Malekhat Bukuliyeva was born in 1933 in the village of Veduchi. She was deported to Southern Kazakhstan and later taken from there to Uzbekistan.
“We were five in our family. I was the eldest. On the night of February 22-23, 1944, our village was flooded with the soldiers. Everyone was frightened and shocked at what was happening.
“Our father was visiting his relatives in Zakan-Yurt that night. We later found out that he was deported from there to Karaganda, Kazakhstan. He died there without us ever meeting again. The following morning we were ordered to gather beside the village soviet (council). All that our family could take was what I could carry on my back. My brothers and sisters were all younger than myself and our mother was carrying a baby in her arms.
“That year an epidemic of typhus swept through the settlements and my mother died along with three others from our family.
“My six-year-old sister and I became orphans. Initially we were sent to one of the Tashkent city children’s homes. But later they separated us; my sister, as a minor, was sent to a pre-school children’s home and they sent me to the Ferganskaya region. Some time later, my mother’s sister found me and took me to where she was living in Turkistan. Before going, we went back to Tashkent in the hope of finding my sister. In the Tashkent children’s home, where they had separated us, we found a record in the registry that Valya was on the roster of children there. Accompanied by a tutor we checked all the buildings but failed to find her anywhere. Then someone suggested we should check the death-registry book. There we found the last record made about my sister: 25 children, my sister amongst them, had died of measles. An elderly Uzbek man who was pushing a bread cart for the children in the home saw me crying and came over to me. He found out who I was crying for and he told me that he had buried my sister properly according to Muslim tradition.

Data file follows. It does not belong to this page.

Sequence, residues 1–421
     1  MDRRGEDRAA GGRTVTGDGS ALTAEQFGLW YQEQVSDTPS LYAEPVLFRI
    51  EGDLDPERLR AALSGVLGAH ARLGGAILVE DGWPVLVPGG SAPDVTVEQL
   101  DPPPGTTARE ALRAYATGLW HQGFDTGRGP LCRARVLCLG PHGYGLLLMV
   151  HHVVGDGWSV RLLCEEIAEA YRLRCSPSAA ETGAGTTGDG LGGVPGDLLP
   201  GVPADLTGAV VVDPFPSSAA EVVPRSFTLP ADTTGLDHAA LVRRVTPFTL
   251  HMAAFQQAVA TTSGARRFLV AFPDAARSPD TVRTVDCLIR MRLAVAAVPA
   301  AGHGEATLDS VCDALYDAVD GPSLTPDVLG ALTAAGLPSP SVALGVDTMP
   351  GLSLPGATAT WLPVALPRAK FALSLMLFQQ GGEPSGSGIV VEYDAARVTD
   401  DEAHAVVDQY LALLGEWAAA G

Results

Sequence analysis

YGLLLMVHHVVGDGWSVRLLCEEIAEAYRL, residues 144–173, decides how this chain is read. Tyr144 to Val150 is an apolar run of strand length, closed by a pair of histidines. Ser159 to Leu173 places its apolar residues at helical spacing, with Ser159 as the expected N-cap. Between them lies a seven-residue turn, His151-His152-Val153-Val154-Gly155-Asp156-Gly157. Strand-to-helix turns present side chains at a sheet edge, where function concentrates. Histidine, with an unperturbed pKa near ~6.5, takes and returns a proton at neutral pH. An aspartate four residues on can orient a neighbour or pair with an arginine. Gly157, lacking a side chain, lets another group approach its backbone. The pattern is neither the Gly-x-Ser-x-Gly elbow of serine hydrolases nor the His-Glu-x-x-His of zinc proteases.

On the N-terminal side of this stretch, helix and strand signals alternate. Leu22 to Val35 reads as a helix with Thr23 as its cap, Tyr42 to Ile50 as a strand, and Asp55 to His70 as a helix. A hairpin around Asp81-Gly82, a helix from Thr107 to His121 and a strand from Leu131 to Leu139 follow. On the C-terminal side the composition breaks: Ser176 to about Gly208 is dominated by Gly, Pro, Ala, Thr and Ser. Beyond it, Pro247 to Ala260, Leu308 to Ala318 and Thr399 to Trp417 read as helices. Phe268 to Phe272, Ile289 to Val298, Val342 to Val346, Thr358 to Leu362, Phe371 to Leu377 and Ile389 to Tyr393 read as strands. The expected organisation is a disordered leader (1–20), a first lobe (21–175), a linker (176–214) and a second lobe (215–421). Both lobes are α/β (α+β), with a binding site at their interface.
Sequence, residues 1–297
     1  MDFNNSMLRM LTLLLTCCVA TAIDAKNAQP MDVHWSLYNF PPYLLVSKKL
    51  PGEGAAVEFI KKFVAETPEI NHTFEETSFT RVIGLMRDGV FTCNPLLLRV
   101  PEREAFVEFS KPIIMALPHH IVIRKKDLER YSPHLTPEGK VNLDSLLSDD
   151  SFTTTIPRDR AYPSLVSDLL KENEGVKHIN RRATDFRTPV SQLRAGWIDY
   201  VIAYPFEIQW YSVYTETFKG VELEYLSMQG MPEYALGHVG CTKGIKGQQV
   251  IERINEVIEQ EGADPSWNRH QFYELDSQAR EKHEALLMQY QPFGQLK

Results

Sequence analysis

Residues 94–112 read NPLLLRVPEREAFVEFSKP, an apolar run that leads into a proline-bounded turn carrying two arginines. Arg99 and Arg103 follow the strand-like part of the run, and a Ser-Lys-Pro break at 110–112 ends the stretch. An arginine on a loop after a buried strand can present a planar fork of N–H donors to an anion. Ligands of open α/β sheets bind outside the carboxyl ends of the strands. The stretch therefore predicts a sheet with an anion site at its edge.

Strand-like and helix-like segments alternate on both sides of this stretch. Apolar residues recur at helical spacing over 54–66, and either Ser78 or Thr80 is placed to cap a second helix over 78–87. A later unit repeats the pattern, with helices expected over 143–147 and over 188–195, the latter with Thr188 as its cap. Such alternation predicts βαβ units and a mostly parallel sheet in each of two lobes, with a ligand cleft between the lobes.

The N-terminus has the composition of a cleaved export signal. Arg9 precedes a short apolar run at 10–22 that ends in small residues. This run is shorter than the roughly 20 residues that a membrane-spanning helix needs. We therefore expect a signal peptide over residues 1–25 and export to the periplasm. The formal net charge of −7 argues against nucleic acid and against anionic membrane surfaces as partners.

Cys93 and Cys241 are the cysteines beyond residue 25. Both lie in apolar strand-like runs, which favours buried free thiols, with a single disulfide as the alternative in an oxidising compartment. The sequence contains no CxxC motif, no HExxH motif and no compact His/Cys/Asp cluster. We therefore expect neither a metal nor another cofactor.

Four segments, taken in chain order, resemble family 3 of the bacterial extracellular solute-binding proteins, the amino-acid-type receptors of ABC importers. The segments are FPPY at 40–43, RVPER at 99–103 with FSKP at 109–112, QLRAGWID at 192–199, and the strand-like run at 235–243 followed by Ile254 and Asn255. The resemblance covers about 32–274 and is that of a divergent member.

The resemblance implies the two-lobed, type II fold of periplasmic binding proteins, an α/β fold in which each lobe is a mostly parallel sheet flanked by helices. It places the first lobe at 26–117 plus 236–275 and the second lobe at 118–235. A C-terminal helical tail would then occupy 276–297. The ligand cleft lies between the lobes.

“We went through many things in those years. Can words ever convey everything?”